Tuesday, December 21, 2010

A few Different Strokes

I have finally resumed blogging over at Different Strokes after a small break. A few posts have gone up over the past month (which I forgot to link to out here).

Most recently, part two of my Great Misses series - on the 1985 Boxing Day Test. Before that, part one featured the 1979 Oval Test. These in turn, were preceded by an article on how, when it comes to sledging, nothing is new under the sun, except for the television coverage. This streak of nostalgia-mongering is evident in an article on the 1987 World Cup, and its cruel denial of a dream final to Indian and Pakistan fans. Perhaps the most topical article was a quasi-review of two excellent books by Gideon Haigh and David Post. Check 'em out.


Pleasure to the Converted

Courtesy Tony T over at AGB Cricket, here is a superb British Council film, featuring some classic footage from 1948. Check it out.

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Monday, December 20, 2010

The Sisyphean Labors of the Indian team

Make no mistake about it. The Centurion test was a thumping all right. Sure, India began a fightback in the second innings, but that fightback was asked to do too much. They had done everything that came before at such breakneck pace, that they were being asked to bat more than 2 days to save the game. They had lost wickets quickly and they had conceded too many runs far too fast (4.76 runs an over in a test? Thats 428 runs in a day, folks). The usual consolations are available: India start slowly; they'll fightback; one icicle does not a winter make; and so on. Still, the bare facts are there for all to see.

And when we sift amongst the wreckage, what we find is not pretty: Raina still gives catching practice in the slips; Unadkat looks out of his depth; Harbhajan is back to his usual overseas ineffectivness; and the BCCI cannot be bothered to arrange for warm-up games (sure, a warm-up game might only have helped a bit on the first day, but that little bit is still crucial; there's no point in saying "anyone would have been blown away on that snorter of a track"). The double failure of Laxman did not help either.

Sure, all is not lost, but it is worth remembering that the holy grail of modern Indian cricket, test series wins, away, in South Africa and Australia, remains a distant dream. Getting off to starts like this is not the way to make it happen. And resignation in these matters is infecting the captain as well, which is not a good sign.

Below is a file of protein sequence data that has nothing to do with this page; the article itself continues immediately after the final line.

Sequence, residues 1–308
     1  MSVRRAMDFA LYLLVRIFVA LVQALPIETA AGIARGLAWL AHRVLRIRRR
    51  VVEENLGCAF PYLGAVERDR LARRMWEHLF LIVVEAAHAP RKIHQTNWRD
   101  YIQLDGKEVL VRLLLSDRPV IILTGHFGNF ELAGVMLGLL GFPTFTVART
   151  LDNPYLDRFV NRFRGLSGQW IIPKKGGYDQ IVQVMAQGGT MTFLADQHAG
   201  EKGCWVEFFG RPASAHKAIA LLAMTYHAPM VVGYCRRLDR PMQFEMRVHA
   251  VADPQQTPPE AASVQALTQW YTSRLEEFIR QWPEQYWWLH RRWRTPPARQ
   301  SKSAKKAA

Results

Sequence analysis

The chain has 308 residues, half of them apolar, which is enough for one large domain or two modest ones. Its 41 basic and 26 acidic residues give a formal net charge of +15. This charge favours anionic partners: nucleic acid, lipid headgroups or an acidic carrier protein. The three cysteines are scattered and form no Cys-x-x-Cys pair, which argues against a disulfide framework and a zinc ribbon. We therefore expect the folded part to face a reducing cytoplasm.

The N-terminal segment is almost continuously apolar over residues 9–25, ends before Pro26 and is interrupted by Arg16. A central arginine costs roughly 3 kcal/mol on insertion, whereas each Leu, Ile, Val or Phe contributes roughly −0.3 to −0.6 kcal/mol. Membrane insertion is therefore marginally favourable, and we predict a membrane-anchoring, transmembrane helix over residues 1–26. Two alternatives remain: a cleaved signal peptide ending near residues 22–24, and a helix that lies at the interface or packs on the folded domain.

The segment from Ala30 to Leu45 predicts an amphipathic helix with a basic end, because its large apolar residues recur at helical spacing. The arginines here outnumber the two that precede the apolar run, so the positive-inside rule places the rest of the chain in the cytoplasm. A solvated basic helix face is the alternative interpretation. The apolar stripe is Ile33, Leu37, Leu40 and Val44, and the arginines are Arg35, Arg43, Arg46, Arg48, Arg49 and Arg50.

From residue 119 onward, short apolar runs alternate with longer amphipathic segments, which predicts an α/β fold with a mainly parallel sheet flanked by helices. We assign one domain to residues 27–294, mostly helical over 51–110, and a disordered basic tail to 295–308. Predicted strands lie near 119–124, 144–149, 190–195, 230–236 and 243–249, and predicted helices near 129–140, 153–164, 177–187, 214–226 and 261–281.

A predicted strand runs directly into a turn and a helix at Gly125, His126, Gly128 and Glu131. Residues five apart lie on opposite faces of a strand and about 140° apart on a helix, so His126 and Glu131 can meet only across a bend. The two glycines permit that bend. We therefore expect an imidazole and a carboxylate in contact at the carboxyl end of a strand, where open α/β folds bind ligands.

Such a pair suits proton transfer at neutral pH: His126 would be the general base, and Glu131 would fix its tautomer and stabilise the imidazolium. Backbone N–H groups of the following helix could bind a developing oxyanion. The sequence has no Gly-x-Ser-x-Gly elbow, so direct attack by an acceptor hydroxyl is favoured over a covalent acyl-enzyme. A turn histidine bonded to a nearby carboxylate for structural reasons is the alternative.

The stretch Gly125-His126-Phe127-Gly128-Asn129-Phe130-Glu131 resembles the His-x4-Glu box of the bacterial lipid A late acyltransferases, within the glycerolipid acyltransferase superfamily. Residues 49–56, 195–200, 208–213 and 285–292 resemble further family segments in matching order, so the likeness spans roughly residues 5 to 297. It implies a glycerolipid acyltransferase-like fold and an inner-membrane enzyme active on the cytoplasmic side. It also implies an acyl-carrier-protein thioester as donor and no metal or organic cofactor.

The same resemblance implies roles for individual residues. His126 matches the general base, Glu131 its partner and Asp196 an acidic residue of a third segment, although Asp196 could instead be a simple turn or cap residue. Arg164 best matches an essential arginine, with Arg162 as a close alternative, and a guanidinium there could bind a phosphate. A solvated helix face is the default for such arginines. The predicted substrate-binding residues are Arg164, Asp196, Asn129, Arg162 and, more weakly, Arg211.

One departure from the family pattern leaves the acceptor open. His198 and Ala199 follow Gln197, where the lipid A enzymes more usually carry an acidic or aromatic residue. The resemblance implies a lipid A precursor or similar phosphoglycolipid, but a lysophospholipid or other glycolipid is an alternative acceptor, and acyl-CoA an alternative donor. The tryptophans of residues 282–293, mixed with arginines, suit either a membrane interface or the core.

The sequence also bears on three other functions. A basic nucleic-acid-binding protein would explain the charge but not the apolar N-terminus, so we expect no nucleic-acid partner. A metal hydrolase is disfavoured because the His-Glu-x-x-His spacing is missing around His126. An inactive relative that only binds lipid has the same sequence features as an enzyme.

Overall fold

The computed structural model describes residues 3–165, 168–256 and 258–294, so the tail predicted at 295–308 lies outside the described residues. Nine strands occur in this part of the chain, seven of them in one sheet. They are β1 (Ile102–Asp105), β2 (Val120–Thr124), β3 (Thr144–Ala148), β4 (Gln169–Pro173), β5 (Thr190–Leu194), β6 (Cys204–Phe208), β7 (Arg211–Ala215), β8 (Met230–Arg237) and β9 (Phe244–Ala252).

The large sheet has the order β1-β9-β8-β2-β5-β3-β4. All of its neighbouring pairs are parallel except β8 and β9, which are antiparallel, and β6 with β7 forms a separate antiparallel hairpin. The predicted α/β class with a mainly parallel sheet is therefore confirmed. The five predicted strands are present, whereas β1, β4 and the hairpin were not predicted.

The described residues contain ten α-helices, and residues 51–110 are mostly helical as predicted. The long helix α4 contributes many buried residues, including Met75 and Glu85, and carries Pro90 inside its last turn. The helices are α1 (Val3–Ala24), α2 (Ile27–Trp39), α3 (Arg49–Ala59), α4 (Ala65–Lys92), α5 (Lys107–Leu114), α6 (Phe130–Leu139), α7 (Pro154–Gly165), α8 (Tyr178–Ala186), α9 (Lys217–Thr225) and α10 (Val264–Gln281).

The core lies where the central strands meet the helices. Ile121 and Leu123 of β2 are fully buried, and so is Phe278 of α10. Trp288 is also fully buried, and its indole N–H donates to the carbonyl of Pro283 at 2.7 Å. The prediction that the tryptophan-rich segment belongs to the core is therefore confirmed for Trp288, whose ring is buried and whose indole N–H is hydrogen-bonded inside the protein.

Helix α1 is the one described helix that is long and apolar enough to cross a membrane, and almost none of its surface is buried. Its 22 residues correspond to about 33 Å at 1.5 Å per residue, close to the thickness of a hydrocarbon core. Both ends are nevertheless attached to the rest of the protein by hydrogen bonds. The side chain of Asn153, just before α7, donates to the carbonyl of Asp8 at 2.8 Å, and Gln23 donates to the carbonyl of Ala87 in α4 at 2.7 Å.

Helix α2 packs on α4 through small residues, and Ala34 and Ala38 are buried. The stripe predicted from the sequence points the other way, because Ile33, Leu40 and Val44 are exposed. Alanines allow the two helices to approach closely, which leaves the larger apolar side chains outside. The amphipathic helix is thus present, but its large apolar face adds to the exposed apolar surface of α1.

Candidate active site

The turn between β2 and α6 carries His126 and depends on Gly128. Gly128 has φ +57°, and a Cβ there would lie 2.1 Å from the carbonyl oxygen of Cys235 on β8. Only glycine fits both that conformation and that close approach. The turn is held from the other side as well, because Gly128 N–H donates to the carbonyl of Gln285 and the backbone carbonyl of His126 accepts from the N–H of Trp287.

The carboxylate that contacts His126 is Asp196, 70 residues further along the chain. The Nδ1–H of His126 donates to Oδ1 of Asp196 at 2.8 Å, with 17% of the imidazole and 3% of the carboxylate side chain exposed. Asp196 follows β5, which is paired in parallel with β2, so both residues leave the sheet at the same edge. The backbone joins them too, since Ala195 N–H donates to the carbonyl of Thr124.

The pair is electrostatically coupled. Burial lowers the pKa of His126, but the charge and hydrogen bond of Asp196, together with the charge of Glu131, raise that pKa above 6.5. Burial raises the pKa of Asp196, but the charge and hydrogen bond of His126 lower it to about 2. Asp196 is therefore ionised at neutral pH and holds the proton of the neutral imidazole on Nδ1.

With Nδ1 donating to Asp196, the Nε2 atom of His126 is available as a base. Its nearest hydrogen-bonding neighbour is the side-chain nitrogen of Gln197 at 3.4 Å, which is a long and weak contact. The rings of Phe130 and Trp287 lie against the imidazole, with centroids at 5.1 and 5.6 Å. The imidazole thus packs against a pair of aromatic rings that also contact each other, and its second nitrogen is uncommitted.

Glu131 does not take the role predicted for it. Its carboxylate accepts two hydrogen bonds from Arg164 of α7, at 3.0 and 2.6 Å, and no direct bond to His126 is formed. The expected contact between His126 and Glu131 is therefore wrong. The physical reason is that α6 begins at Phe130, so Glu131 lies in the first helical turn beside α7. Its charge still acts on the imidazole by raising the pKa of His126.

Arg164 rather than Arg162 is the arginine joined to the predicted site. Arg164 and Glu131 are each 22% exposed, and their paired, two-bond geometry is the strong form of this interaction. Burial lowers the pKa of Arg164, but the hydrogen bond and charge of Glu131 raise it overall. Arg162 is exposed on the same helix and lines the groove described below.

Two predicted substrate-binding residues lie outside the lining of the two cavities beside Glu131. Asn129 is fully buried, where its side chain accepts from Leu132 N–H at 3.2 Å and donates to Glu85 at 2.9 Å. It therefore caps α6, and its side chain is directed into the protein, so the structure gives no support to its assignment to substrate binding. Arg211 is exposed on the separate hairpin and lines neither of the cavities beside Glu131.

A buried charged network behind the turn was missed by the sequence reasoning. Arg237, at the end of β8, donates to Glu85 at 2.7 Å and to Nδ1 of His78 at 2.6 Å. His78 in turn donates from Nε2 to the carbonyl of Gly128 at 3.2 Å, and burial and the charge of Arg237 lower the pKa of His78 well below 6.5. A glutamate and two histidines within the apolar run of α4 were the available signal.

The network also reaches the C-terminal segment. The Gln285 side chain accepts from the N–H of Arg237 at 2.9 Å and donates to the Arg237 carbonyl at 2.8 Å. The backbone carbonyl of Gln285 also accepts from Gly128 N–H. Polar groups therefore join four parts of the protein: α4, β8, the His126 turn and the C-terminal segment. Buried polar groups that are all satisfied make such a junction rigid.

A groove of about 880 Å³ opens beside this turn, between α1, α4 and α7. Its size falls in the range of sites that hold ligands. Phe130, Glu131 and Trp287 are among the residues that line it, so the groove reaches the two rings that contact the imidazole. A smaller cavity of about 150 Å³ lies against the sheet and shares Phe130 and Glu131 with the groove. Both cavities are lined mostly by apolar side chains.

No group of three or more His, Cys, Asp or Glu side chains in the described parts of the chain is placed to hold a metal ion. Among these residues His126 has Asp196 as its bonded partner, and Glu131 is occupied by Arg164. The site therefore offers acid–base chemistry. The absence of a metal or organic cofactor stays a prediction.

Lastly, the fast bowler situation. It almost seems comical now that we started this test with a fast bowling attack that included a virtual unknown. Really, India, really? But then that shouldn't be so surprising. Injuries, strange selections, precipitous loss of form, whatever it is, Team Numero Uno still doesn't have a settled fast bowling attack.

And so here we are, talking about a team that should be kicking off a campaign that could well and truly still wagging tongues about their right to be ranked #1, and it's started with an innings defeat. Second innings fightbacks and 50th test tons won't change that cold fact.

Check back in later. India will have done much better. And then, check back in again, they'll be at the bottom of the hill again. Sisyphus had nothing on this.

Thursday, December 16, 2010

Familiar feelings and all that

If India are to be ever, ever, taken seriously as contenders for world champions, they'll have to get out of this embarrassing habit of losing five wickets before a hundred runs are up on the board - in the opening test of an overseas series.

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Friday, December 03, 2010

Aussie selectors role models no more

Over the years I had come to associate Australia selectors with two qualities: ruthlessness in getting rid of deadwood as well as the ability to spot talent and then stick with it. It saddens me to say then, as many others have, that the current crew has comprehensively lost the plot. Truth be told, I knew they (not the same crew but Australian selectors) had lost it back in 2005, when Matthew Hayden was persisted with for the fifth and fatal test at the Oval. Hayden should have been dropped after the third test. Instead, he was persisted with, and in the fifth, when Australia needed to get a move on, he plodded and poked himself back into form. Of course, Freddie Flintoff's incredible bowling ensured Australia wouldn't get a great lead either, but Australia had lost too much time by then.

Now, finally, the selectors have dropped Mitchell Johnson, but the axe deserves to have fallen on Michael Clarke and Marcus North as well. Both are out of sorts, and North's century in India did little to get rid of the feeling in my mind that he is out of his depth (as is Clarke, in current form). Instead, the selectors have painted themselves into a corner; Clarke as FAC has to be persisted with, and North has been given too many chances. Then, of course, there is the business of Shane Watson, who has been pressed into duty as an opener, and is holding on to his place with consistent scoring but who simply does not have the technique or the nous to ever make a big opener-like score.

The only silver lining in the current situation for the Australians is that they have settled on what should have been their first-choice quick bowling attack: Harris, Siddle and Bollinger. Sadly, little sense is being shown on the spinner-selection front, where rather than showing faith in Steve Smith, they have opted for yet another experiment in Doherty.

Perhaps it will take the loss of yet another Ashes series to shake the selectors out of their dogmatic slumbers but I'm not optimistic. Perhaps things need to get much, much worse before they get better.

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